Guidance for event organisers
Events 2021 season update
Following on from the government's 'roadmap' announcement about reopening the economy post COVID-19, Hastings Borough Council has considered its position in respect of events on its land.
There is a nervousness about large events happening here too soon. Hastings was badly hit by coronavirus in the second wave, with over 200 deaths.
As the vaccination program expands it is hoped that all adults over the age of 18 will have been offered their first vaccination by the end of July.
As a result of the above, the council's policy is not to allow medium to large events on its land until at least the end of July.
We are currently looking at allowing booked medium to large events to commence from 31 July. This is some weeks after entering step 4 of the government's road map allowing for some date slippage. Although social distancing is expected to cease from step 4 (21 June), it could be some time later if infections increase.
Events that have been booked in for the 2021 season have now been condensed into a shorter season. This means there is a reduced capacity in events for 2021.
As a result of some events being moved later into the calendar year and the ongoing risk of COVID-19, only existing events which already have a booking will be allowed until at least 1 November 2021.
This means that 'new' events, which the council has not already been notified of, will not be allowed until this time.Read Government roadmap
Ten steps to protect yourself, your staff and your customers
While this guidance applies to England, you should always consider whether there are local restrictions in place in your area. If you live, work or volunteer in an area that is experiencing a local COVID-19 outbreak and where local restrictions have been imposed, different guidance and legislation will apply. Please consult the local restrictions pages to see if any restrictions are in place in your area.
1. Complete a COVID-19 risk assessment, taking into account emergency situations and any security risks. Share it with all your staff. Find out how to do a risk assessment. Keep it up to date as guidance and public health risks may change.
2. Consult with your local authority as early as possible. The earlier you do this, the more time you are providing to secure agreement for your event to proceed and any relevant licenses to be issued. Your local authority will review your risk assessment and can give you advice on how to manage your event whilst reducing risks to the local area. Find out if the local authority intends to convene a Safety Advisory Group (SAG) and how best to engage with this. If they do not intend to convene a SAG, contact the local Director of Public Health to discuss the event and whether any additional assurances are needed. Even when all necessary permissions are granted, your local authority can consider prohibiting, restricting or imposing requirements if they consider an event a serious and imminent threat to public health - so a good two-way channel of communication is essential.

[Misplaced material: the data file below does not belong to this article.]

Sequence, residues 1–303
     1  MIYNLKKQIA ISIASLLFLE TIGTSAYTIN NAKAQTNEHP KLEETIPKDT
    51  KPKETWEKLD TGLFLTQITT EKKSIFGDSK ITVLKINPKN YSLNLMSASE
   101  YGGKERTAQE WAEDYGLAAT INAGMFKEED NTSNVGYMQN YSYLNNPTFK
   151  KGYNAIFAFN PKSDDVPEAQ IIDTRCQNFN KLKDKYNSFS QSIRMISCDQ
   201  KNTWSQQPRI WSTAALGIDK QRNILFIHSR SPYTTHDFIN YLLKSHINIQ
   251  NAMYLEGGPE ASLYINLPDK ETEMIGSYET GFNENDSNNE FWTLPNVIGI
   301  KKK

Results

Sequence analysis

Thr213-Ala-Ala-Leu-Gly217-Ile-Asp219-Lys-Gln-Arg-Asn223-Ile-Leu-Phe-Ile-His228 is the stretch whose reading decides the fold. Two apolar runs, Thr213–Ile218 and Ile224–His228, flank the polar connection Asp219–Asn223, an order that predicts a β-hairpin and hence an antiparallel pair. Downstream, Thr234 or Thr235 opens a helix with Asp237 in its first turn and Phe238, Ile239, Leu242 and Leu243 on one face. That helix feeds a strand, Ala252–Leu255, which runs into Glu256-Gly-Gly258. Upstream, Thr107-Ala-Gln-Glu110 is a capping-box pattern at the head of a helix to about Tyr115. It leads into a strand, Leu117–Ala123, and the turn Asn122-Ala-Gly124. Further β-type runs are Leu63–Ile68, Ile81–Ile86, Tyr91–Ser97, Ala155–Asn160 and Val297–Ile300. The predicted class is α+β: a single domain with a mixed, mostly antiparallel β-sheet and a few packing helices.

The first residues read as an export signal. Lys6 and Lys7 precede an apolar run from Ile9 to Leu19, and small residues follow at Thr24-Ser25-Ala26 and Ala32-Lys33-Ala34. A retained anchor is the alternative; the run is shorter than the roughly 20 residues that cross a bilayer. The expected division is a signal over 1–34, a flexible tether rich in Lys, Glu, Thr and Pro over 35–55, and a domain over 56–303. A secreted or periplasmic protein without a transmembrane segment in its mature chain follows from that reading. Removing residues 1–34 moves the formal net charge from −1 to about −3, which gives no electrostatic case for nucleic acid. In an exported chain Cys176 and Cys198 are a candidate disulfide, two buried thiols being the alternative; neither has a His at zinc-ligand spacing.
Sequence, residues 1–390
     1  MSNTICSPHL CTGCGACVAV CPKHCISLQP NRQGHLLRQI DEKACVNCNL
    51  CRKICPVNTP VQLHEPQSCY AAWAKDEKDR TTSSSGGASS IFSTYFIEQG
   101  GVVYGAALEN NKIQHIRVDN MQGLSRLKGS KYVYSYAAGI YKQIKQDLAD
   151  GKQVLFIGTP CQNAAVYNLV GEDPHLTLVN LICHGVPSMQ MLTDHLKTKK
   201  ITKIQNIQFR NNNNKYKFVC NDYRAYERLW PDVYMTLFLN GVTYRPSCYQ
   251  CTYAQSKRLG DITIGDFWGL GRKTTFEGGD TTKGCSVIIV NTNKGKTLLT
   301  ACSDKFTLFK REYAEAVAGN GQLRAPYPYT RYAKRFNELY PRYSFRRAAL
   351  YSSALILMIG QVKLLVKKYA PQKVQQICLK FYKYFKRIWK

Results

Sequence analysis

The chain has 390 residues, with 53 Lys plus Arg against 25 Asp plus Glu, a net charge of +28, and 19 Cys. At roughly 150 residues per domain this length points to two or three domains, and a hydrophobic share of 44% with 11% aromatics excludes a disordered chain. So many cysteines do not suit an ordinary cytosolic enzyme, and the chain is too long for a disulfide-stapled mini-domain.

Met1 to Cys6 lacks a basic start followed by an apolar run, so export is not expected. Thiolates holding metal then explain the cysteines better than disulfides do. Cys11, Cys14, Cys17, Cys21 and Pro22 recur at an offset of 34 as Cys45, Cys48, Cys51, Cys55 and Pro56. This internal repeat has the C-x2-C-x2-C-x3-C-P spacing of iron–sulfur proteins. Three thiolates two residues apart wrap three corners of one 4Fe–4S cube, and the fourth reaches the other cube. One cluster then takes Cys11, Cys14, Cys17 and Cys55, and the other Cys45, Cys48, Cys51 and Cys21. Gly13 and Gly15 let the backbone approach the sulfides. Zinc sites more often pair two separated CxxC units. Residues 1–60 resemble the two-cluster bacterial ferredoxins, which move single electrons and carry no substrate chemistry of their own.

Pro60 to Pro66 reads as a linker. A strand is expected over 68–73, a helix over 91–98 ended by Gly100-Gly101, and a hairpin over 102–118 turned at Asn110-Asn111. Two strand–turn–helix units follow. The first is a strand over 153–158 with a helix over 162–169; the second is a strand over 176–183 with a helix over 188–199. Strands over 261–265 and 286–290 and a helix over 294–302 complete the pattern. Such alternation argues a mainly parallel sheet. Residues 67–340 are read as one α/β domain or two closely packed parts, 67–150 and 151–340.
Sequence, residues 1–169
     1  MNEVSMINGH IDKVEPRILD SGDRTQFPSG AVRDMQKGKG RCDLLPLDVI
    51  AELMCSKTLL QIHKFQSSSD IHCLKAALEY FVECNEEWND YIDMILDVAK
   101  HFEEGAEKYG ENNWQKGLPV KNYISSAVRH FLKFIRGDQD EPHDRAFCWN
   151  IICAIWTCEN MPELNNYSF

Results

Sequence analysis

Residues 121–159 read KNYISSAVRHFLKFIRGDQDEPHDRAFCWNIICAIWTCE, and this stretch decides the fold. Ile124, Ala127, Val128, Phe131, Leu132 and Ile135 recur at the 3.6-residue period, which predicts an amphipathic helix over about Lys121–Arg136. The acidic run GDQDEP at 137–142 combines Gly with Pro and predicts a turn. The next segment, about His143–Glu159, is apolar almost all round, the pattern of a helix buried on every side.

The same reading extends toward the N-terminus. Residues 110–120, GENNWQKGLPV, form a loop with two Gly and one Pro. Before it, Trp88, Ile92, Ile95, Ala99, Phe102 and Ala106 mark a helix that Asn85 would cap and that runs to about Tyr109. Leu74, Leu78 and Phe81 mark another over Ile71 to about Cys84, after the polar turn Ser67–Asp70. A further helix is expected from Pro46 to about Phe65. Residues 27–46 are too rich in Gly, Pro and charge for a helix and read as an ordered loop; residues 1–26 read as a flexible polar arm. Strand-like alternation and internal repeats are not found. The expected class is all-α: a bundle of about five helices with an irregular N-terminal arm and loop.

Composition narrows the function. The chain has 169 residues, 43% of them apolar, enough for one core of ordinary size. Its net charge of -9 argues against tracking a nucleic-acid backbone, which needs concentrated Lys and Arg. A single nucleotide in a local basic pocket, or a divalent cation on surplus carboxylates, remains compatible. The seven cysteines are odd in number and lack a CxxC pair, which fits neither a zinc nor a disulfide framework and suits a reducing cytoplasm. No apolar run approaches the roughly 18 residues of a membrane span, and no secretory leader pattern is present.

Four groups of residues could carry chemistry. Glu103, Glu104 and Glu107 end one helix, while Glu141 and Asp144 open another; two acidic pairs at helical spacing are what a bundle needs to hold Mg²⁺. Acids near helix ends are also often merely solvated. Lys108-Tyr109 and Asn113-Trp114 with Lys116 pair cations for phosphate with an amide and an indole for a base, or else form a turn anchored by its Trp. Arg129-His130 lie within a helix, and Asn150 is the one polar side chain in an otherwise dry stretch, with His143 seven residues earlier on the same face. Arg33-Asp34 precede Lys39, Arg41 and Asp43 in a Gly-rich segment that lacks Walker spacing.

3. Engage with neighbouring businesses, transport operators and Local Transport Authorities to assess any risks to the local area of increased visitors from other locations and potentially apply additional mitigations.
4. Clean more often. Increase how often you clean surfaces, especially those that are being touched a lot. Ask your staff and your customers to use hand sanitiser and wash their hands frequently.
5. Ask your customers to wear face coverings in any indoor space or where required to do so by law. That is especially important if your customers are likely to be around people they do not normally meet. Some exemptions apply. Check when to wear one, exemptions, and how to make your own.
6. Make sure everyone is social distancing. Make it easy for everyone to do so by putting up signs or introducing a one way system that your customers can follow and considering whether extra marshals are required to enforce this.
7. Let customers know that by law they can only visit in groups of up to 6 people (unless they are visiting as a household or support bubble which is larger than 6). Put up signs to remind customers to only interact with their group.
8. Increase ventilation in enclosed structures such as marquees, for example by lifting or removing side walls or using fans to circulate fresh air.
9. Meet NHS Test and Trace requirements by keeping a record of all your customers, visitors and staff for 21 days and displaying an official NHS QR code poster. Check Maintaining records of staff, customers and visitors to support NHS Test and Trace for details.
10. Turn people with coronavirus symptoms away. If a staff member (or someone in their household) or a customer has a persistent cough, a high temperature or has lost their sense of taste or smell, they should be isolating.
The Local Government Association (LGA) has also produced guidance to reflect relevant regulations including the Licensing Act 2003: www.local.gov.uk/covid-19-outdoor-events-guidance
Detailed guidance is available from the Events Industry Forum (EIF) for anyone who wishes to plan an event during these challenging times.
This guidance is to help employers, employees, volunteers and the self-employed, and their customers and attendees, in the outdoor event industry in England understand how to work safely during the COVID-19 pandemic, keeping as many people as possible socially distanced from outside of their household or support bubble, in line with the latest government regulations.
For organisers of larger scaled events such as festivals please see further information on our COVID-19 guidance for festivals page.
Guidance for event organisers